‘Jo is the vital center of Alcott’s book and she is so because she is least a little women’, due to her tomboyish ways and her struggle in the conforming to the female role, vastly contrasted with this, is her sister, and, ‘In Beth one sees the exhaustion of vitality in the effort to live as a little women.’ (Fetterley, 2009, p.27). In comparison, they both lack what they other needs. Jo’s life events can be considered overt but her wishes covert as she doesn’t wish to conform to society’s idealised roles. Bet yet Jo dotes and loves Beth, who is characterised as everything a woman ought to be and nicknamed as her father’s ‘Little Tranquillity’. (Alcott, Little Women, p.8). Therefore, Jo loves an ideal in her home, but this ideal in society is everything she avoids, displaying conflict and perhaps contradiction in the agenda shown. Beth, the ideal little woman, dies, seeming sacrificial, suggesting there is nothing left but to be dead after giving yourself up to this cultural ideal. This conflict contributes to the ‘continuing interest’ in Little Women, as sure as it connotes the theme to be overtly central to the text. (Fetterley, 2009, p.19). The negativity surrounding the gender restriction agenda could be suggestive of the text being innovative in the movement for women’s roles in culture, complying with Reynolds thesis. However, similarly, Jo’s character parallels Laurie in the text, with which his ‘unhappiness results from his place in the world of men and the concurrent pressure of proving himself a man’, highlighting that gendered restrictions weren’t just on females for this society. (Parille, 2009, p.33). This furthering of the agenda implies it to be overtly central to the text and displays how ‘boys and girls confront cultural limitations’ in this period. (Parille, 2009, p.38). The characters confronting cultural boundaries are what Hunt would term ‘revolutionary’ in the progression of children’s literature. (Hunt, 2009, p.92).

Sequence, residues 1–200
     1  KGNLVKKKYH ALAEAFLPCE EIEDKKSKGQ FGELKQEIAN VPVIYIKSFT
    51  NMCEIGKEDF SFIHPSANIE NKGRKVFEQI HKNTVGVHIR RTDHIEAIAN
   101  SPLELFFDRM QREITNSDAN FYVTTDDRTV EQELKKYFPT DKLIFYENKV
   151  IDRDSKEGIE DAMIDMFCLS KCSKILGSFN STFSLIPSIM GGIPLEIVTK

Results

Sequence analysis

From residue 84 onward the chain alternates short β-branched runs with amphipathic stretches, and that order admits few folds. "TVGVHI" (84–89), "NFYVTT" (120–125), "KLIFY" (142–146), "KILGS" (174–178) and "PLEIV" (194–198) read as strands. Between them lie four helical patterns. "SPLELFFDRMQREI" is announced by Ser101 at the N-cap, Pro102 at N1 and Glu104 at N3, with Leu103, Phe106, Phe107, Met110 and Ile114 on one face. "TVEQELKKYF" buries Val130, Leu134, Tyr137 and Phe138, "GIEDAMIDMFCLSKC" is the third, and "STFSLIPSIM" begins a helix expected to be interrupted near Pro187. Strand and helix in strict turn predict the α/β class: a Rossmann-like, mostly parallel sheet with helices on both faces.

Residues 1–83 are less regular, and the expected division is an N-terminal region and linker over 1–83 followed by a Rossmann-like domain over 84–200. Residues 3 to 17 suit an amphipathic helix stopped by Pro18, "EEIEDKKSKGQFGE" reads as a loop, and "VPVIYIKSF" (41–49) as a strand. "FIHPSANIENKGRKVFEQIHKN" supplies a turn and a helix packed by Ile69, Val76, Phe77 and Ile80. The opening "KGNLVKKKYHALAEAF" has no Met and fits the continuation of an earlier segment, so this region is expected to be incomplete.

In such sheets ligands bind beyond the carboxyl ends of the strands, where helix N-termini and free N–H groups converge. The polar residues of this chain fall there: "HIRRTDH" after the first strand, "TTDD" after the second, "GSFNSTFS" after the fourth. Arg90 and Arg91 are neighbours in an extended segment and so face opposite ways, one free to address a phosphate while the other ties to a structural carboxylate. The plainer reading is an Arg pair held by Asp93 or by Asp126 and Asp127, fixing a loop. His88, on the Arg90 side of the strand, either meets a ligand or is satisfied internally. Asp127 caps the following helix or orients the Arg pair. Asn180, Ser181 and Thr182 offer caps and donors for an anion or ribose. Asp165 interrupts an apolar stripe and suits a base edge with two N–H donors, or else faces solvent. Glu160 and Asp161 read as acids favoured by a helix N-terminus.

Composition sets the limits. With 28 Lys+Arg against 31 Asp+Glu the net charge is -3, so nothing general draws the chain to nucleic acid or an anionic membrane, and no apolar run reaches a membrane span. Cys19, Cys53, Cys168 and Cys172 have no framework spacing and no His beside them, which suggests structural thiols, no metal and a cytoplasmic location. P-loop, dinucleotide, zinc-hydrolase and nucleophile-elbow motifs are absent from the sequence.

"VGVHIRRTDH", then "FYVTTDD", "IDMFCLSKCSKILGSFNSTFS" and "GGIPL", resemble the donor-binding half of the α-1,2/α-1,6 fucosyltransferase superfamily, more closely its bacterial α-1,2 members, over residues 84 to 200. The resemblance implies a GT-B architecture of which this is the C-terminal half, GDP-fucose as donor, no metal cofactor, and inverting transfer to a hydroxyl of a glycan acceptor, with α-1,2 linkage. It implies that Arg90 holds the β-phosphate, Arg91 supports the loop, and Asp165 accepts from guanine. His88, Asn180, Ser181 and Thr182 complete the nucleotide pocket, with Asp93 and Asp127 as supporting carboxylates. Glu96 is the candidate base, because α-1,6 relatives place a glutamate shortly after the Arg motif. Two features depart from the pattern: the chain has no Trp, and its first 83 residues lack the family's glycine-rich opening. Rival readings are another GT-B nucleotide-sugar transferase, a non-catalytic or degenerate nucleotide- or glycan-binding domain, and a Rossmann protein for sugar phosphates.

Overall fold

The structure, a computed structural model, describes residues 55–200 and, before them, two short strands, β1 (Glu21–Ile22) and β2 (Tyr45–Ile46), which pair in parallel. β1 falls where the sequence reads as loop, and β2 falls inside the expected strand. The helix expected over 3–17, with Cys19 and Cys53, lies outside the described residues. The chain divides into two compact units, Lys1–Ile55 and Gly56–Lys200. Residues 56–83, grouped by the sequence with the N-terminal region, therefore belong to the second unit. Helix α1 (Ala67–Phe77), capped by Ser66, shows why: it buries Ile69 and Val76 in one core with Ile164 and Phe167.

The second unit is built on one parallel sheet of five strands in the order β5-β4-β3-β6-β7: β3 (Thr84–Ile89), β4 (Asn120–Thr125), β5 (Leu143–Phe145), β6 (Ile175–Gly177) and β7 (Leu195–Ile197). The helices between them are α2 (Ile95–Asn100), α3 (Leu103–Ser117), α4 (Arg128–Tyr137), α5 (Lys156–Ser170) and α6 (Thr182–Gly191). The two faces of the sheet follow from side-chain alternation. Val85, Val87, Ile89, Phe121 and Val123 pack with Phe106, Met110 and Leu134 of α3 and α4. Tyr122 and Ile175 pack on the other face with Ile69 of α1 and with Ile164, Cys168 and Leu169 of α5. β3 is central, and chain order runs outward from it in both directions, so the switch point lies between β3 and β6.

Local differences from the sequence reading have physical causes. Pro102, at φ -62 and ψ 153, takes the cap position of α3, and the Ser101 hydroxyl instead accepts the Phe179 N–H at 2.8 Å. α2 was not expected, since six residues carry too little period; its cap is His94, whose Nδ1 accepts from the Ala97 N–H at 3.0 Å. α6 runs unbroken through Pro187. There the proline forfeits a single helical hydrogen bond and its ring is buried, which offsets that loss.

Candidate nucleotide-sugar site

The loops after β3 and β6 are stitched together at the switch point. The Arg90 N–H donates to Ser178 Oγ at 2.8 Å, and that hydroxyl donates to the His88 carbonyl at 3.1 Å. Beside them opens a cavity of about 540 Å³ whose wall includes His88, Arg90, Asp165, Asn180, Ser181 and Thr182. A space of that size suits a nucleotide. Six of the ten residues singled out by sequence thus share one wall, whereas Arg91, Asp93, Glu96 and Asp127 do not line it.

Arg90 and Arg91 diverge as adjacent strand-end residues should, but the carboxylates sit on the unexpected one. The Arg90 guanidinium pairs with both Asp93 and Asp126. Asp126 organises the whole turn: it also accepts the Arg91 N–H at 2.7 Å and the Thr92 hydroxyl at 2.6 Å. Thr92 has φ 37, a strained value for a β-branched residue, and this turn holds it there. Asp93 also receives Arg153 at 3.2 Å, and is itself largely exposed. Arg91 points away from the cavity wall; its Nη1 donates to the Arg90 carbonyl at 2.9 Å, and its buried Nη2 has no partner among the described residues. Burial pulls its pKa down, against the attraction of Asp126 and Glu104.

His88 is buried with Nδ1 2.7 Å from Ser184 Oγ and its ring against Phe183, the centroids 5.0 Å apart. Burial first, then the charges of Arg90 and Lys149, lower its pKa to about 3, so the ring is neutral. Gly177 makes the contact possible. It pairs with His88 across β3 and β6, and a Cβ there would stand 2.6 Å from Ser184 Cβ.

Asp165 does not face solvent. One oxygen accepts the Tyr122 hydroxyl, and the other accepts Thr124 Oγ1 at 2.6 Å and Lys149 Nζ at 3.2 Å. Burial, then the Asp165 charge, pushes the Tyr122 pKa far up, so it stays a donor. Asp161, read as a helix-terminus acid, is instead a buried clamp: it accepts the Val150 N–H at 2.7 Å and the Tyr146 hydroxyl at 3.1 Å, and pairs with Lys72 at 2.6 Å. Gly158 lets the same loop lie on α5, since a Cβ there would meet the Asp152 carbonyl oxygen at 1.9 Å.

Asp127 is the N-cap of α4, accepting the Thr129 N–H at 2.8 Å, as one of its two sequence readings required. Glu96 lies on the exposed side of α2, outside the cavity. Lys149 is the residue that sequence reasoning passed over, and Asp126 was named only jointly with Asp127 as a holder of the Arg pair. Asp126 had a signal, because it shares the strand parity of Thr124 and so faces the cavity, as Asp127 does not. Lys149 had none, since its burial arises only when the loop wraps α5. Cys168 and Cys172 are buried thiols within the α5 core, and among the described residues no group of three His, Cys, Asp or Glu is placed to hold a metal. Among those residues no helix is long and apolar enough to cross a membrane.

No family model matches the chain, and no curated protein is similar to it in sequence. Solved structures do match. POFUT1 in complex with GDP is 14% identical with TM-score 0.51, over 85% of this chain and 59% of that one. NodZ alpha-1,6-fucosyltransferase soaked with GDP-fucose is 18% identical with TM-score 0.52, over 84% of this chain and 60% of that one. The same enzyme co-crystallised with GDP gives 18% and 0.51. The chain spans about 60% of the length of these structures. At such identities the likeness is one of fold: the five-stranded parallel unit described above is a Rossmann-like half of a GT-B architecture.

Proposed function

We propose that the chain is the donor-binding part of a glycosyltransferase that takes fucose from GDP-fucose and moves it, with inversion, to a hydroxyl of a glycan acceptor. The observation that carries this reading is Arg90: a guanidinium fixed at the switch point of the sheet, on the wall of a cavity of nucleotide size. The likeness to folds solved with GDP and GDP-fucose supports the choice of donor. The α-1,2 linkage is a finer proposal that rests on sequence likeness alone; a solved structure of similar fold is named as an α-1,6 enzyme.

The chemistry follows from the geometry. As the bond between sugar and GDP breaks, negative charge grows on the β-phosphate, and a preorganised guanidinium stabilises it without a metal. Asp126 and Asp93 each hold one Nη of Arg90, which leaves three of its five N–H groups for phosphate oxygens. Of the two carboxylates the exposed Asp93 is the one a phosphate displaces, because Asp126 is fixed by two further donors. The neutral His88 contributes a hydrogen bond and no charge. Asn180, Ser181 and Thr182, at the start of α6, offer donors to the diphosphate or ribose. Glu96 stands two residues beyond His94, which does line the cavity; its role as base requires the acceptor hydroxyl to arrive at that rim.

The agendas discussed can be seen as overtly displayed in Little Women, and in agreement with Hunt and Reynolds theories. It is worth noting, that Alcott was writing particularly for girls and in that market ended up catering for the audience, ‘as well as to the expectations society placed upon them’, making the agendas placed in accordance to what was agreeable among adults for the child reader in children’s literature. (Wadsworth, 2009, p.47). Thus, suggesting, the agendas possibly taking on a hidden form for the child reader.
Roll of Thunder Hear my Cry is autobiographical, historical, set in the 1930s in Mississippi, and tackles cultural issues of racism and ‘social injustice’. (Study Guide, p.174). Being written in the 1970s, Taylor contributes to the Civil Rights Movement in which she ‘joins in the effort to reclaim and revive a specific, realistic African-American history.’ (McDowell, 2009, p.246). This agenda places these themes to act as a teaching agent to child readers, but under a realistic emphasis, suggesting there is no sugar-coating the harshness displayed in this history, going against the idealised depiction of childhood.